from The American Heritage® Dictionary of the English Language, 4th Edition

  • intransitive v. To look with the eyes partly closed, as in bright sunlight.
  • intransitive v. To look or glance sideways.
  • intransitive v. To look askance, as in disapproval.
  • intransitive v. To have an indirect reference or inclination.
  • intransitive v. To be affected with strabismus.
  • transitive v. To cause to squint.
  • transitive v. To close (the eyes) partly while looking.
  • n. The act or an instance of squinting.
  • n. A sideways glance.
  • n. A quick look or glance: Take a squint at this view.
  • n. An oblique reference or inclination.
  • n. See strabismus.
  • n. A hagioscope.
  • adj. Looking obliquely or askance.
  • adj. Squint-eyed.

from Wiktionary, Creative Commons Attribution/Share-Alike License

  • v. To look with the eyes partly closed, as in bright sunlight, or as a threatening expression
  • v. To look or glance sideways
  • v. To look with, or have eyes that are turned in different directions; to suffer from strabismus.
  • v. To be not quite straight, off-centred. Most famous is the acclaimed "squinty" bridge in Glasgow. This term may be peculiarly Scottish.
  • n. An expression in which the eyes are partly closed.
  • n. The look of eyes which are turned in different directions, like in strabismus.
  • n. A quick or sideways glance.
  • n. A short look.
  • n. A hagioscope.
  • n. The angle by which the transmission signal is offset from the normal of a phased array antenna.

from the GNU version of the Collaborative International Dictionary of English

  • adj. Looking obliquely.
  • adj. Looking askance.
  • n. The act or habit of squinting.
  • n. A want of coincidence of the axes of the eyes; strabismus.
  • n. Same as Hagioscope.
  • intransitive v. To see or look obliquely, asquint, or awry, or with a furtive glance.
  • intransitive v. To have the axes of the eyes not coincident; to be cross-eyed.
  • intransitive v. To deviate from a true line; to run obliquely.
  • intransitive v. To have an indirect bearing, reference, or implication; to have an allusion to, or inclination towards, something.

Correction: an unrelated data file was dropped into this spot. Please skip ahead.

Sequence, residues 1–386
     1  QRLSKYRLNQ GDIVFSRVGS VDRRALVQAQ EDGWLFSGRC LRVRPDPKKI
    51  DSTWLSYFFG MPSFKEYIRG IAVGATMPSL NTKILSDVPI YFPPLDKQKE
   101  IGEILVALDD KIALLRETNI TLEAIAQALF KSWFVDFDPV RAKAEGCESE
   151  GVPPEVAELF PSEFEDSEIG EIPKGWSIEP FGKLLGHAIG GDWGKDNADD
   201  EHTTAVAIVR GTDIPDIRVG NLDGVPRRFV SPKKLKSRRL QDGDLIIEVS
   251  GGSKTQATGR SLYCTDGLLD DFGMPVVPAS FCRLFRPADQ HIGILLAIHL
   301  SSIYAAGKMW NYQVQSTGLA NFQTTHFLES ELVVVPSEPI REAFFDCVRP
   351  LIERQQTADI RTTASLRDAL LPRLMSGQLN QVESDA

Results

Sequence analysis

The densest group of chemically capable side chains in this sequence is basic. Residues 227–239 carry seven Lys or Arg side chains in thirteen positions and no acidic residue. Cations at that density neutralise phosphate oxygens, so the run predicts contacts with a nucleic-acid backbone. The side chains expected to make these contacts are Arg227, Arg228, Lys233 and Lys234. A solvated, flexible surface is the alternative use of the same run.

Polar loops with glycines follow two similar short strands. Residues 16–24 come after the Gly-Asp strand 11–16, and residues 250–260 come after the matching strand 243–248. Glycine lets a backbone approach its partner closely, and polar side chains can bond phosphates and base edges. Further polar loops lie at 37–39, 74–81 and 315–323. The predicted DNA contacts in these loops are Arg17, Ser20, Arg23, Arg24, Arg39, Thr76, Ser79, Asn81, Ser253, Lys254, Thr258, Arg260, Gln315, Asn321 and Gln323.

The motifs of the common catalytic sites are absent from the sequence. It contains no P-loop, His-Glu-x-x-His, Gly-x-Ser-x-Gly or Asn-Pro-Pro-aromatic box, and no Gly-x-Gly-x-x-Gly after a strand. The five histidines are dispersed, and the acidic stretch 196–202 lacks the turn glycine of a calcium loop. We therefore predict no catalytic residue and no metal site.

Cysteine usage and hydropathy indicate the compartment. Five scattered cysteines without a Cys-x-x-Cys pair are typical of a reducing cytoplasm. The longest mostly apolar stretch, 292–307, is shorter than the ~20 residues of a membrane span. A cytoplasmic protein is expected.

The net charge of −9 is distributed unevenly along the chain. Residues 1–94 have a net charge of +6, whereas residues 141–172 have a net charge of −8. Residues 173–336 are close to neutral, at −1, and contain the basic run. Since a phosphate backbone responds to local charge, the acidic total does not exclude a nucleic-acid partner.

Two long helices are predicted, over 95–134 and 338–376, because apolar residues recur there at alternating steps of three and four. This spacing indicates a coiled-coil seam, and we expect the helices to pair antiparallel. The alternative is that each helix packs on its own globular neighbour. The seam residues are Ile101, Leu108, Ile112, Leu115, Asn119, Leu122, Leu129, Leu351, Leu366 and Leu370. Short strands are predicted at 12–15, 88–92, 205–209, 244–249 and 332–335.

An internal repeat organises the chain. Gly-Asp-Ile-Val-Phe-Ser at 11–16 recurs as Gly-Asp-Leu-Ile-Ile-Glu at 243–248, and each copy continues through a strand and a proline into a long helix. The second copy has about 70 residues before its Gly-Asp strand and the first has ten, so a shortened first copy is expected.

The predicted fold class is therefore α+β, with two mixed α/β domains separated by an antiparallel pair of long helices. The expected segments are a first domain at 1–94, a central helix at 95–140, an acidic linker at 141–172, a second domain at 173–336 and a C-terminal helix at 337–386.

• intransitive v. To look with the eyes partly closed.
  • transitive v. To turn to an oblique position; to direct obliquely.
  • transitive v. To cause to look with noncoincident optic axes.

from The Century Dictionary and Cyclopedia

  • Looking different ways; characterized by non-coincidence of the optic axes; affected with strabismus: said of eyes.
  • That looks or is directed obliquely; looking askance; indirect; oblique; sinister.
  • n. An affection of the eyes, consisting in non-coincidence of the optic axes; a squint eye; strabismus (which see).
  • n. An oblique or furtive look; a furtive glance; hence (colloquially), a leaning, an inclination: as, he had a decided squint toward democracy.
  • n. In architecture, an oblique opening through the walls of some old churches, usually having for its object to enable a person in the transepts or aisles to see the elevation of the host at the high altar.
  • To look askew, or with the eyes differently directed; look askance.
  • To be affected with strabismus.
  • To run or be directed obliquely; have an indirect reference or bearing.
  • To render squint or oblique; affect with strabismus.
  • To turn, cast, or direct obliquely.

from WordNet 3.0 Copyright 2006 by Princeton University. All rights reserved.

  • v. be cross-eyed; have a squint or strabismus
  • adj. (used especially of glances) directed to one side with or as if with doubt or suspicion or envy
  • n. the act of squinting; looking with the eyes partly closed
  • n. abnormal alignment of one or both eyes
  • v. cross one's eyes as if in strabismus
  • v. partly close one's eyes, as when hit by direct blinding light


from The American Heritage® Dictionary of the English Language, 4th Edition

Short for asquint.


  • (It also brings back Eric Millegan as the original "squint" - ern, Zack Addy, in happier times.) - Latest Videos

  • The difficult spot, which the Dutch settlers called a squint path, was passed, and the waggon gained the top of the height, when at some distance a broad river was seen flowing to the southward.

    Hendricks the Hunter The Border Farm, a Tale of Zululand

  • Although the child squints, it must not be called squint-eyed, but love-eyed, and even a wart must be thought to become it.

    Epistle Sermons, Vol. II Epiphany, Easter and Pentecost

  • November 30th, 2009 / Posted by fp julia / Permalink one of our readers informed me of this amazing company called squint, located in england, that makes furniture, light fixtures and home accessories. they look like they would be a perfect fit for a free people store! their collections use a mix of contemporary and vintage fabrics, as well as woven english damasks, 19th century french trimmings, and japanese ceremonial kimono silks. i am in love with the dresser…

    squint | Free People Clothing Boutique Blog

  • Some people kind of squint or scowl when they get tired.

    Cooley: Haynesworth is not isolated

  • "Need to create an idea-friendly environment where leaders can 'squint' and see the shape of an idea" - Tom Kelley #hksummit Yes!

    #hksummit Day 1

  • You have to kind of squint to see that the baby with three arms really only has two arms and an exposed butt crack.

    Reality Bites

  • The ballot had been printed with the names of the candidates in large type, so elderly voters wouldn't have to "squint," as the ballot designer put it.

    What A Long, Strange Trip

  • Put us in our place, too, if I recall correctly, but to be honest I kind of squint a lot while reading his comments and they were a bit fuzzy.

    Real Niche Sports: HBO Does Millar

  • If you kind of squint, the shark looks like a bunny.



Log in or sign up to get involved in the conversation. It's quick and easy.